If we multiply the coördinates by some factor to pretend that the screen is smaller or bigger than it really is, we can control how big the squares get. We apply the effect by darkening odd squares and leaving even ones untouched or vice versa.

col.rgb -= ((floor(x * s) % 2.0) - (floor(y * s) % 2.0)) * darkness;

ld37_shd_chekrs

Vignette

In this case, a vignette is a darkening of the corners of the screen. We’re basically applying darkness to the whole screen except an oval in the middle, leaving the corners dark but the middle unaffected. Circles are easy. We can achieve an oval by pretending that our rectangular canvas is in fact square.

fixed ratio = height / width;
fixed2 middle = fixed2(0.5 * ratio, 0.5);

We can then check the distance from the center to the current fragment, adjusted for the rectangle’s ratio, to get its position inside a circle, which will appear as an oval thanks to the ratio.

fixed2 pos = fixed2(x * ratio, y);
fixed factor = length(pos - middle);
col.rgb -= factor * darkness;

ld37_shd_vign1

You will probably want to adjust some values by multiplying them by various factors to make your vignette look the way you want.

That’s it for this part! In the next one (and I won’t be posting it right away as I don’t want to be spammy), we’ll be talking about the first of the two effects in the game that required extra cameras and render textures!

Stay tooned! ☆

Im In once again! &

Posted by
Thursday, December 4th, 2014 9:29 pm

I’m officially in! Unfortunately my friend won’t be joining this time around, but hey there’s always next time. Anyhow I think it will still be a great experience! Can’t wait, so excited to see the all the creative minds at work for these upcoming three consecutive days.

As for the software I’m planning to use is
Unity 3D
Photoshop
BFXR sound effects

On the side note!
I’ve started a new little guide to games development on my blog.. The content will be about the fundamentals of games development and later planning to talk about more in depth algorithms and programming techniques that I’ve learnt over the years in games development.  Check it out

http://claumpark.wordpress.com/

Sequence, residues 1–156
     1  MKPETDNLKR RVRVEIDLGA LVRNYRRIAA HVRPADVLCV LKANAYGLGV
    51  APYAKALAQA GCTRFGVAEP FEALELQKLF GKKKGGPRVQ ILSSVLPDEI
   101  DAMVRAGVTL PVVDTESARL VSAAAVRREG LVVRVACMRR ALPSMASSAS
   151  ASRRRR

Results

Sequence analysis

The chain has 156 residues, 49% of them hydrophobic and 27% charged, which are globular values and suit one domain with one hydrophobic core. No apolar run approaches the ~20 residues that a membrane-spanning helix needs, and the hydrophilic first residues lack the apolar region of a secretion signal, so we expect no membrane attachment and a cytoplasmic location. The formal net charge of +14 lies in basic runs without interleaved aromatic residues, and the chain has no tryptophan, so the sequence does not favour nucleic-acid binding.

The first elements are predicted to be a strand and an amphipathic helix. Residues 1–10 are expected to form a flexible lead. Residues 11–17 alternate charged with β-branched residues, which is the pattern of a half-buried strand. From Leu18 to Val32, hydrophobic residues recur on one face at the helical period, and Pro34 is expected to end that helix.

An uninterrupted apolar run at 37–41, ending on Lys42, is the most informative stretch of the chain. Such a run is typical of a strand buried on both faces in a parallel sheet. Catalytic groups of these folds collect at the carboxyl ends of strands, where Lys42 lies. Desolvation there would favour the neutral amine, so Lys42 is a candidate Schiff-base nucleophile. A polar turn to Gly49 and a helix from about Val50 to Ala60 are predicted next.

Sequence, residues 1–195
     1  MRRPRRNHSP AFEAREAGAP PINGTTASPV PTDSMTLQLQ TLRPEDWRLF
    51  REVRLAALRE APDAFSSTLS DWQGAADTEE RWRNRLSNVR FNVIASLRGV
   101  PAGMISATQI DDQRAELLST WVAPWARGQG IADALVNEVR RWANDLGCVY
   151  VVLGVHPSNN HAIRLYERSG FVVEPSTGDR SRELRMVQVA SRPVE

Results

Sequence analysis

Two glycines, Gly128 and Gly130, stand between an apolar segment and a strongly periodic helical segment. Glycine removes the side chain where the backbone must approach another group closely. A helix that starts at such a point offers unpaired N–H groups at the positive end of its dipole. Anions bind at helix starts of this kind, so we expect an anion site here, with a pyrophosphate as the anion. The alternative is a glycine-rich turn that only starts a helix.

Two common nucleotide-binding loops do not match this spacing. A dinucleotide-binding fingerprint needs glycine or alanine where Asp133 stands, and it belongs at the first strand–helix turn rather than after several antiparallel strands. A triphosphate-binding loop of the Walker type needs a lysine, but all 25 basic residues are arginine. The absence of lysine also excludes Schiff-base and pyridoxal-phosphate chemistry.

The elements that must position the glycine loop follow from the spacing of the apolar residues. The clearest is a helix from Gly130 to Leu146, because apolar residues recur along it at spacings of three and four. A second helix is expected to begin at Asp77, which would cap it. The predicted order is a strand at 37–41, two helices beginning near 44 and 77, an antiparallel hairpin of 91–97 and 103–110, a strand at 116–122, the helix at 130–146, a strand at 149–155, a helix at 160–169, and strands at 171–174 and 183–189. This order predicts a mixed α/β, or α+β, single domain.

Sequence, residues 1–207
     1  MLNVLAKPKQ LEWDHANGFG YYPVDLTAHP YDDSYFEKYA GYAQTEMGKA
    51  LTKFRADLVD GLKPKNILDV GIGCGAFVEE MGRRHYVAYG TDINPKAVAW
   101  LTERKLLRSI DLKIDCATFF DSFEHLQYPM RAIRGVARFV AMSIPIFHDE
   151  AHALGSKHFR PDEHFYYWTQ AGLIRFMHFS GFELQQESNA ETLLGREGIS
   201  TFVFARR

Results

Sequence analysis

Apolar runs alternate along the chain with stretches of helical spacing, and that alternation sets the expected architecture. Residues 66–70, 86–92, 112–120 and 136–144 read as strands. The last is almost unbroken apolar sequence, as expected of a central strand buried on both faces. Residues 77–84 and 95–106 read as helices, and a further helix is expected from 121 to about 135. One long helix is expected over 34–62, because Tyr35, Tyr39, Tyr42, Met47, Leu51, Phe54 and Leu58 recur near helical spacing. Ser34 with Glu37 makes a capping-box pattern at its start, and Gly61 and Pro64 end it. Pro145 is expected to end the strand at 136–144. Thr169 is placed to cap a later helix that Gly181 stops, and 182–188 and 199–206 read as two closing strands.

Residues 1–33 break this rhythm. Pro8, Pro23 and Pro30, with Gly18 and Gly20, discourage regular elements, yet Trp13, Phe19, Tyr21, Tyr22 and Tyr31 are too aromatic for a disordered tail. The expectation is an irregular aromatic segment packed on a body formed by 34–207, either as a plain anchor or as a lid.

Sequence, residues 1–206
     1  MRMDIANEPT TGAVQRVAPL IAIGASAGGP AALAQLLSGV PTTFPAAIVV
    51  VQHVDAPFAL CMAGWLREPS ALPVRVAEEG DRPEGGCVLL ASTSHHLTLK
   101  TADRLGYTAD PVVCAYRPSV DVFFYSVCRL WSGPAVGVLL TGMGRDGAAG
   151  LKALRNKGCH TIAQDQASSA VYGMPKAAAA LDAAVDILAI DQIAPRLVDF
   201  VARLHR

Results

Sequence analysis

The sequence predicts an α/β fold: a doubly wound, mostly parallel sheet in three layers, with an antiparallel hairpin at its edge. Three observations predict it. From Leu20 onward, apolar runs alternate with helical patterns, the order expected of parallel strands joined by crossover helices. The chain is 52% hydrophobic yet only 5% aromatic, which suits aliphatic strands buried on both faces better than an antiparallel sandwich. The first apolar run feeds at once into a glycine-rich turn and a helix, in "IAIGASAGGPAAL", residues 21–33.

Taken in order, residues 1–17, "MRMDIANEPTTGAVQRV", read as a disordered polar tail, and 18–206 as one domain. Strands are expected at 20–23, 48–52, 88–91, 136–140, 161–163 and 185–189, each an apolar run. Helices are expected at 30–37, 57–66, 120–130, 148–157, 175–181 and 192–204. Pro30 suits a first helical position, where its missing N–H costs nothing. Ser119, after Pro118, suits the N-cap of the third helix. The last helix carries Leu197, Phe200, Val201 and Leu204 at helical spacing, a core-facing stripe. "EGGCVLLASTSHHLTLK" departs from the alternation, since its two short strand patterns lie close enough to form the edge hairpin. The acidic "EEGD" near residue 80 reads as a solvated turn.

I’ll also be updating my ludum dare progress on here!
Anyhow I shall see you ludumdarians on the flip side, take care!

Post Compo Update!

Posted by
Monday, August 25th, 2014 11:23 am

So i decided to contiue creation of my game and created this blog to let everyone who will be interested in what stage game after some minor or major improvement/changes.

Link: BerailTumblr

And First Improvement Logo of my game what do You think about it ? Answer me here or on my blog :)

OfficeMazeLogo1

In for Ludumdare 30!

Posted by (twitter: @strong99)
Wednesday, August 20th, 2014 2:05 am

This will be my fourth year of Ludum Dare and the seventh time I compete. I’m going to write a live blog like I always did which can be found here.

This time I have to put a bit more effort in music rather than graphics 😉 I learned my lesson.

This time I’ll be using InCourse® GameCreator again. A webbased game engine developed by Islandworks and dubbed ‘the GameCreator’. It’s a webbased game engine with an easy and no-coding editor. I’ll be using the Ludum Dare promo code for more statistics. I’m excited!

OS of choice: Windows 8.1

Game engine of choice: InCourse 3.2 – the Gamecreator

Graphics: Photoshop or Illustrator

Audio: Audicity & Anvil.

Hardware: Wacom cintiq (Pen tablet), Space Explorer (3d Mouse), M5 mouse, dual monitors etc.

I’ll post a “How did I do it” on the end as I did the last times.

Other year’s entries include but are not limited to: World AloneBe the Villain and The Dragon Journey.

Strong99's Ludumdare 22 entry - World alone Strong99's Ludumdare 25 entry

Strong99's Mini Ludumdare 49 entry Strong99's Ludumdare 28 entry

And a lot more! Visit my live blog during the event!

 

Good luck fellow Ludum darers!

Tumbling Towers: My Final Entry – Recap & What’s Next

Posted by (twitter: @nick_mudry)
Sunday, December 15th, 2013 3:28 pm

The last two days have been crazy. It’s been a while since I’ve worked on a game, and I was nervous about jumping into a game jam while my skills aren’t up to par, but I am extremely proud of myself and what I built.

What did I build? 

Well, I built a game called Tumbling Towers. I’ve come to call it a reverse Tetris/Jenga style game where you receive a random block and you must build up and try to not knock the tower down. The goal of the game is to build as high as you can and score as many points as you can.

Where the theme “You Only Have One” came into play is where you can only build with one of the three materials in the game, and you can only build in one direction (up); (yes, for some reason I instinctively ended my sentence with a semi colon there… the two days of heavy coding must’ve drilled that into my head much, much more.)

Sounds cool, where can I play it? 

There’s a web version hosted on my web server, here. It has links to download the desktop versions. Those links are also on the game page here on the Ludum Dare website.

Who Helped?

It wasn’t just me who worked on the game, I got some late assistance from a good friend of mine, who did some of the art last night. (Just the building blocks). Also, I used a friend’s music he made for the game.

What’s next? 

I’m not really sure. I really want to continue the project and make it more clean, pretty, polished, etc. and maybe release it on iOS/Android. A few of my friends have been playing it pretty often and have been enjoying the builds I was sending them, and I think it can be a pretty fun game to play on tablets. It needs some optimization for them, but it can be done. :)